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Traditional Tuscan Poor Dishes – History of Ribollita, Pappa Al Pomodoro, and Panzanella

Pappa al Pomodoro (Tomato Soup) Tuscan Dish

Ribollita typican Tuscan DishWhether it’s stone soup, chicken noodle, seven layer, or another, soup is a delicious dish that has been around since the beginning of time. When large amounts of food were limited in times past, it only seemed logical that you would mix everything together to make the leftover food extend further to feed more mouths. It has been done throughout the centuries with both rich and poor families, and it is still being done today. In Tuscany, some of the most delicious meals are in the form of soups. The most common ones include Panzanella, Ribollita, and Pappa al Pomodoro.

Ribollita traces its origins back to the richest of Italian cultures. This soup, literally translating to re-boil, is made with huge slices of meat, carrots, thyme, celery, and cabbage. Huge pots were made so that this delicacy could be enjoyed for days on end. Each time a hungry family member would want more soup they would simply re-boil the remains and indulge in another bowl. When the soup was re-boiled it would become thicker and tastier than the time before. This delicacy was served on huge slices of bread to help soak up the savory juices so none went to waste.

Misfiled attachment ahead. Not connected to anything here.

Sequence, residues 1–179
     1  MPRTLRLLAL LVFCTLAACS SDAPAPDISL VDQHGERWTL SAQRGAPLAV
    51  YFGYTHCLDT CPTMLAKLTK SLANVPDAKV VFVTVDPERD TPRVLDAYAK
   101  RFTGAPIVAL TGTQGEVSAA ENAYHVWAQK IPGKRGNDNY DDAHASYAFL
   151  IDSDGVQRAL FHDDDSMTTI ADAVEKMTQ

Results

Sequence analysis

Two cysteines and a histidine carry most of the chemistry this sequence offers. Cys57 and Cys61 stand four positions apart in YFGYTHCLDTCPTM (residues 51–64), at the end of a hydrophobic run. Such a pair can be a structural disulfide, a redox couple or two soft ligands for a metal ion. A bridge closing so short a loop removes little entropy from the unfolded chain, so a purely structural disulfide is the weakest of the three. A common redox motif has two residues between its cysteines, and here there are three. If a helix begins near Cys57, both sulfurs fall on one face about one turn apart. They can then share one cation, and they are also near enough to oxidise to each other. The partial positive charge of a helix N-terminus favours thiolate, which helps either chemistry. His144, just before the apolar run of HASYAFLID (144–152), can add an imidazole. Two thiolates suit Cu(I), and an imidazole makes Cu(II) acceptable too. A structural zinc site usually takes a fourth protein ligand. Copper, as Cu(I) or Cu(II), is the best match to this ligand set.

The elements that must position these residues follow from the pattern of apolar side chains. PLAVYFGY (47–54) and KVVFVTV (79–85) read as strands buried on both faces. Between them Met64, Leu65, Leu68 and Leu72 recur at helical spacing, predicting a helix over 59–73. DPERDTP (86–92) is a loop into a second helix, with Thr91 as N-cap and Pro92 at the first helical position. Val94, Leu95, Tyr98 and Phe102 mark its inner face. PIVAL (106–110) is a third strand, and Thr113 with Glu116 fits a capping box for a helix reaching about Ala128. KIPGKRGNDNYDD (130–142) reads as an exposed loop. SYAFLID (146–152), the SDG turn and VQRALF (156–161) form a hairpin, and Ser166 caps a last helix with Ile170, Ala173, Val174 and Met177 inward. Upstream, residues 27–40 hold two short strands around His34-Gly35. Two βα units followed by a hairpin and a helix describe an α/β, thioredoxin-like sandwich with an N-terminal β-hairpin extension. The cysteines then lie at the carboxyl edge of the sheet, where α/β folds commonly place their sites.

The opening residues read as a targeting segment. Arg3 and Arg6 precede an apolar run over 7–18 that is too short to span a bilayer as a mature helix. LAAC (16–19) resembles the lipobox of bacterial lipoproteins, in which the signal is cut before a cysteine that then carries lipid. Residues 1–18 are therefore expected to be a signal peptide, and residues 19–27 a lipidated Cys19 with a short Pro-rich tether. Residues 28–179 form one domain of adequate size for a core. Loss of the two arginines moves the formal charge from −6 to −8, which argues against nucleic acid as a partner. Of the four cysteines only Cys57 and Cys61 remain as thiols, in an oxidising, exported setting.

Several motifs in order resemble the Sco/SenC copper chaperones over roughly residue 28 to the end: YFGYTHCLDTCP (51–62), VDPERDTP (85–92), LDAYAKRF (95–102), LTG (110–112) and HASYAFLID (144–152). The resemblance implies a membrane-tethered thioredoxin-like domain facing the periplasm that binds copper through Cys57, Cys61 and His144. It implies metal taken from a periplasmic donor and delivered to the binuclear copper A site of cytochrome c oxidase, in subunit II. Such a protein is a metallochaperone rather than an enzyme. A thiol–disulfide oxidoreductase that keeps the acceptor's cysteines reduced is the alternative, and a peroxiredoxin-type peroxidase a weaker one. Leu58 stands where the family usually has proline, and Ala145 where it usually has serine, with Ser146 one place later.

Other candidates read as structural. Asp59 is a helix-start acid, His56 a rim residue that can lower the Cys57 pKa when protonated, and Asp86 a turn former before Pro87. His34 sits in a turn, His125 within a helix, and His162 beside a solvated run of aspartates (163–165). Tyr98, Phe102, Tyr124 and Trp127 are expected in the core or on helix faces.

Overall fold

Pappa al Pomodoro (Tomato Soup) Tuscan DishPapa al Pomodoro is much like the Ribollita. It is a hot dish used to warm a belly in the cold months of winter. It is perfectly seasoned with simple ingredients such as olive oil, onion, and tomato sauce, also being served over dry Tuscan bread. Panzanella is a colder dish used in the hot months of summer. Fresh crisp ingredients such as celery and fresh onion are used to flavor the soup. A hint of fish or caper is typically added to give the soup more flavor. The locals allow this dish to refrigerate for some time before enjoying this delicious summer meal.

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